One plane crash, two versions of events.


On Wednesday afternoon Alan Shatter was supposed to have been meeting with the parents of an Air Corps cadet killed in a training crash four years ago. Instead he ended up somewhat tied up in the Dail for the day but the meeting went ahead in his absence with the Secretary General of the Department of Defence and the Chief of Staff of the Defence Forces.

The deceased Cadet David Jevens parents, Donal and Liz, are distressed that civilian and military investigations in to the crash are at odds with each other and that the minister has repeatedly backed the Air Corps version of events.


The lead agency examining the crash was the Air Accident Investigation Unit and it’s report exonerates their son of any blame. That is backed up by the coroner’s verdict which records accidental death in David’s case but an open verdict in that of the plane’s instructor.

But the Defence Forces Court of Inquiry published findings which say that the decisions which led to the crash were made jointly by both men. This is a conclusion which doesn’t tally with the known facts .. but it is one that Alan Shatter has supported as recently as this week in response to a parliamentary question.

The best way to explain what happened on the 12th of October 2009 is to suggest you listen to my report on Drivetime. It reconstructs the timeline using the transcript of the Cockpit Voice Recorder. The map below of the Crumlin Valley shows the box canyon like nature of the terrain they flew into. The crash happened on the northern wall.

In most respects the AAIU investigation and the findings of the military Court of a Inquiry are the same. But the civilian report highlights how the key decisions before the crash were made by the instructor and not Cadet Jevens. He pressed on into the weather where the other two planes following them diverted around it. Maintaining high speed he directed the flight into the narrow confines of the Crumlin Valley and he was flying the plane for the last forty seconds.

The Military inquiry completely neglects to mention Cadet Jevens suggestion they divert around the bad weather and that Captain Furniss directed him to fly on. Which is an important omission that set the context for the next five minutes before the crash. Its use of language suggests the crew acted in unison throughout while the AAIU says the instructor had assumed tactical control of the flight before assuming actual control of the plane.

That is now the historical military record and Donal and LIz feel that their son’s reputation is damaged by it. The podcast includes an interview with Donal which sets out the other contradictions between the reports.


The most notable omission though is the manner in which the Defence Forces spared itself any criticism of itself. The AAIU found that there was ineffective command and control at the Air Corps Flight Training School. This is because at the time the Officer Commanding was also the pilot on the government jet and as such was off the base 70-80% of the time.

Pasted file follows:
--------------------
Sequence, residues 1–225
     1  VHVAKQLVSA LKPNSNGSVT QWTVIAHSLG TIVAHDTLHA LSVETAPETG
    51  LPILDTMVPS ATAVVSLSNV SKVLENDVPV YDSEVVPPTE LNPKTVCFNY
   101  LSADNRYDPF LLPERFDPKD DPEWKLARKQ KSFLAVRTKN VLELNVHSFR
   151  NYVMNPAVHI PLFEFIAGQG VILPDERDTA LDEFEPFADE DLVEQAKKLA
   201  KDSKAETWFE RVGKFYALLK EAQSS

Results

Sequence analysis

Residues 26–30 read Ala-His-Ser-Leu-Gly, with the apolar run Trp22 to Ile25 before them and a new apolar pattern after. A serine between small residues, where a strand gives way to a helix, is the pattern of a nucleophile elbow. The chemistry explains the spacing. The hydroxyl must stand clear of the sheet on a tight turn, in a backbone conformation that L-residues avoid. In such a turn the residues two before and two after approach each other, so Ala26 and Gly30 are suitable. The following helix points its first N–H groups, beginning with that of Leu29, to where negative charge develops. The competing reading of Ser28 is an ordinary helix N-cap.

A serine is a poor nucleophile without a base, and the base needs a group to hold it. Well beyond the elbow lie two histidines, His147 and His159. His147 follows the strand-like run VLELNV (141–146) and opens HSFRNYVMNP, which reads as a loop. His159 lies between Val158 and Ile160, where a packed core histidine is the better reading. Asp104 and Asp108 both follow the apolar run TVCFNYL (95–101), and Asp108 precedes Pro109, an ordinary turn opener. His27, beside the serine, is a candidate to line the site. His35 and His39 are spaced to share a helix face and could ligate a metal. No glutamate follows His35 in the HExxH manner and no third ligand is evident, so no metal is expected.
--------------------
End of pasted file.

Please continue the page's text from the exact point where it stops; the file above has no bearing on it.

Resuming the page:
In this circumstance it went unnoticed that the audits of the Flight Training School which were supposed to happen every year just weren’t being completed, and when they were they were inacurate. This proved to be relevant to what happened on the day of the crash.

There were four approved ways for avoiding bad weather of the kind they flew into on that day. 1) You fly over it. 2) Turn 180 degrees and fly away. 3) Do a series of dog-leg turns and fly around it. Or you execute 4) an emergency low level abort like the instructor attempted by pitching up into the cloud.

The problem is that the audits said training was provided for them. But the facts established at the inquest were the instructor wouldn’t have been trained in a plane or a simulator in how to execute a low level abort. So no Flight Training School planes should have been putting themselves in a situation where they had to rely on Emergency Low Level Aborts.

Added to which the lack of supervisory oversight meant that the Instructor was effectively self-authorising in setting flight mission targets and assessing risk. This leaves Donal and Liz feeling that had the Flight Training School been properly audited and run at the time that things might have been very different on the day of the crash.


But they will have a hard time convincing Alan Shatter of any of this. In a written response to a Parliamentary Question on Tuesday the Minister indicated that he did not share any of the Jevens family’s concerns and that he wasn’t going to re-open any investigation. He feels that there is no difference between the civilian and military reports when clearly there is.

Perhaps Shatter’s preoccupation with the Garda taping scandal will prove useful to Donal and Liz. At their meeting with the Chief of Staff, Lt Gen O’Boyle, he indicated he would see if it was legally possible to re-open the Court Of Inquiry. They wait on tenterhooks not least because their second son decided to join the Air Corps the week his brother was killed. He has just started in Flight Training School in Baldonnell.


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